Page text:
Why is Therapy So Damn Expensive?

Therapy is life changing

I know it seems expensive. I get it. However, the transformation that is provided by therapy is priceless and life-changing! You might build more confidence, better relationships, job satisfaction, parenting skills, boundaries, processes traumas….the possibilities are endless!

Let’s Compare:

When you pay a contractor to work on your house, you pay hundreds of dollars an hour.  Why? Because they have the licensing, the insurance, the knowledge, the training, their own business expenses, and the tools.  All of their investment saves you time and money.  Therapy isn’t that much different.

Things Therapists Consider When Setting Rates:

  • 5-7 years of schooling.  For me, it was a total of about 7 years of school.
  • Student loan debt.  My debt for all of my schooling is over 6 figures.  I know I am not alone.  It’s an insane amount for a field that is undervalued.
  • 2 years of unpaid internships.  Internships are approximately 15 hours per week for 2 years, which limits how much you can work a full-time job and have a steady income during that time.  During my internships, I had to quit my full-time job to be able to finish.  I lost my income, my health benefits, and my retirement plans during this time.  We lived off of any savings I had and I found a part-time job to supplement.  I also became an extreme couponer (true story).
  • Hundreds of hours of supervision.  Therapists require supervision for licensing.  It is, at minimum, 1 hour per week for approximately 2 years.  Some states require more.  For my Maryland license, I had to document 144 hours.  While that is what is documented, there are many more hours that are not documented.  There are times when we just need to debrief after a session or we have questions about services and resources or just need extra guidance outside of scheduled supervision.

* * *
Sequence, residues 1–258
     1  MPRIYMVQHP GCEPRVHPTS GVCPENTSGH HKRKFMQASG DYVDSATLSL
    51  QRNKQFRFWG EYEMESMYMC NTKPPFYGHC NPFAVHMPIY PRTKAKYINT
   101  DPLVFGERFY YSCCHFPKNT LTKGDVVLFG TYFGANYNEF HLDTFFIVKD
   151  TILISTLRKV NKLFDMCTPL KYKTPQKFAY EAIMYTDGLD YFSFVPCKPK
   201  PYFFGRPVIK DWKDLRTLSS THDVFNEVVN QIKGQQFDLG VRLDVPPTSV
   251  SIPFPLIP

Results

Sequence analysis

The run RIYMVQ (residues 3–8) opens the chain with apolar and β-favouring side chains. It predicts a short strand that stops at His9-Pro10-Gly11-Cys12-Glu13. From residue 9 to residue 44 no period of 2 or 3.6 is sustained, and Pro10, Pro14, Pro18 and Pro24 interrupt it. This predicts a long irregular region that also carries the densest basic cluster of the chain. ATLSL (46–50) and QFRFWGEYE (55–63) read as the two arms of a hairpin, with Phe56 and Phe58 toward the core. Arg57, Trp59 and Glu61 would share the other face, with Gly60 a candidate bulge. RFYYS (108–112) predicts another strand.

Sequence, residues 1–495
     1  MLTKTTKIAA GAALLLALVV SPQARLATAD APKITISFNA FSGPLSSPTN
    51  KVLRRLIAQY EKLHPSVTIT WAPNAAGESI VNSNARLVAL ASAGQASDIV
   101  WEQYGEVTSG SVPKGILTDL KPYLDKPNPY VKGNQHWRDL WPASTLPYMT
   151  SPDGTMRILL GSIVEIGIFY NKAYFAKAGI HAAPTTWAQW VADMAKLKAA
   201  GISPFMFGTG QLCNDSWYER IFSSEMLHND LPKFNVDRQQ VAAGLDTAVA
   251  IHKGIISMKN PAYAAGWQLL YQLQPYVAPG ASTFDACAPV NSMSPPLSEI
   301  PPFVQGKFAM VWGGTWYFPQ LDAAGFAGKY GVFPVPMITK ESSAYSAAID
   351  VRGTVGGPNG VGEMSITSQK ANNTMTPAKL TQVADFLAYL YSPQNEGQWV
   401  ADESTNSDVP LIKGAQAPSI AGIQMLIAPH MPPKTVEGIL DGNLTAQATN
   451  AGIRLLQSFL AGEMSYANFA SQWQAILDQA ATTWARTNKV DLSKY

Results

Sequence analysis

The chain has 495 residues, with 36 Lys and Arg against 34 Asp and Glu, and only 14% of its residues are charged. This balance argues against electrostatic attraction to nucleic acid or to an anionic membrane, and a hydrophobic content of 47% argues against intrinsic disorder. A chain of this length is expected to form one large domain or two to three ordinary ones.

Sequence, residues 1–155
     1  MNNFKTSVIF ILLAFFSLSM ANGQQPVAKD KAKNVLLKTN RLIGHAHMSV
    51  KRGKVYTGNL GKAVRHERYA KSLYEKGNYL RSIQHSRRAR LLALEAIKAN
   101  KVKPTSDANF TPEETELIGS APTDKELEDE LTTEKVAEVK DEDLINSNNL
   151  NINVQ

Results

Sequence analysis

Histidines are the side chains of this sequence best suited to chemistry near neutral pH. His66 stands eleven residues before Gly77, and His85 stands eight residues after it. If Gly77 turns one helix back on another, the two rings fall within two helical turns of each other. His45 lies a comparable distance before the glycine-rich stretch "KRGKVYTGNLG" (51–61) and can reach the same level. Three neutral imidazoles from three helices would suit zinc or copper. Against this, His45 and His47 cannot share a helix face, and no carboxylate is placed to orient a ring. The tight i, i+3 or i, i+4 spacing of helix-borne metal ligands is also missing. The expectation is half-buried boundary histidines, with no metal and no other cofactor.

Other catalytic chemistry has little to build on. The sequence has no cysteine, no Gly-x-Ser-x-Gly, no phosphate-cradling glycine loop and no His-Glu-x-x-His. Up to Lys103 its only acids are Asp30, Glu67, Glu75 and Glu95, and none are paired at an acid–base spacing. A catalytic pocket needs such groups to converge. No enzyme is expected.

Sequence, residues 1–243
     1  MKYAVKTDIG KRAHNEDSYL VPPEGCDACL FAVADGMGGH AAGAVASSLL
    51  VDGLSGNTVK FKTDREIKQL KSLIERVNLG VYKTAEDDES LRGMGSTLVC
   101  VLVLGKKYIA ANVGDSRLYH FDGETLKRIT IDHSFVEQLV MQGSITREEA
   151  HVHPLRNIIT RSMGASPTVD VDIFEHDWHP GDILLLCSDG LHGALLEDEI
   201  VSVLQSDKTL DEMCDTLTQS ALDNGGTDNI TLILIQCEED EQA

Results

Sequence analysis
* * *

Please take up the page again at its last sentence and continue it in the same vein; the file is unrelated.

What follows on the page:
• Thousands of hours of face to face experience.  On top of the internship hours and supervision hours, we have to document thousands of hours of face to face time.  This varies per state and per license but generally speaking, this number sits around 3000 hours.
  • A hoard of books and reference materials.  I own over 100 therapy books.  Some are textbooks, some are guides, some are workbooks.  Just the DSM-5 (our diagnosing manual) costs about $30 right now.  Some of the workbooks I own cost upward of $75-100 each.  
Endless studying, education and supervision
  • Professional memberships.  A membership to the National Association of Social Workers is $236/year.  There are many other memberships available that also cost hundreds of dollars. 
  • Licensing fees.  Cost of licensing varies per state but is often well over $100.  Additionally, we are required to have fingerprints done which also costs money.
  • Testing.  In order to be licensed, we have to pass a series of tests.  These tests also cost hundreds of dollars.
  • Trainings.  We are required to complete continuing education credits (CEUs) during each licensing period.  CEUs can range from a few dollars to hundreds of dollars.  Generally, my go-to source charges about $20/credit.  If we need 40 credits, that is equivalent to $800.  We can also get additional certifications.  Many of these certifications can cost well over $5000 plus they have annual renewal costs associated with them.  
  • Credentialing with your insurance (if we take it).  Credentialing can cost money or we can do it ourselves.  Paying for it costs about $200/panel.  If we do it ourselves, it means hours of phone calls and emails to complete it. 
  • If we own a private practice, we pay for that too.  Some expenses include: phone service, office rent, internet costs, equipment costs (laptops, etc), an electronic medical record that is HIPPA compliant, a lawyer to consult with, an accountant, marketing, and many other expenses.  We might also have staff that we need to pay a salary to.
  • Malpractice insurance.  I wish this wasn’t necessary, but it is.  This can be hundreds of dollars. 
  • Sleepless nights of us worrying about our clients and our ability to help you.  Yes, we do think about you outside of your session.  We research ways to help you.  We find you worksheets, psychoeducation materials, and reference materials to share with you.
  • Self-care.  We take on emotions from our clients.  The good, the bad, and the ugly.  We need self-care activities and ways to refresh the brain.  

You are paying for much more than the 50 minutes you see us. We also need time before your session to prepare for your session, find worksheets, identify appropriate copings skills and many other tasks. We also need time after your session to coordinate care with other providers (if we have a release of information signed), consultations with other therapists, our own supervision and still many other tasks.

I know therapy can add up. But, I am also pretty confident that therapy can be worth it.  

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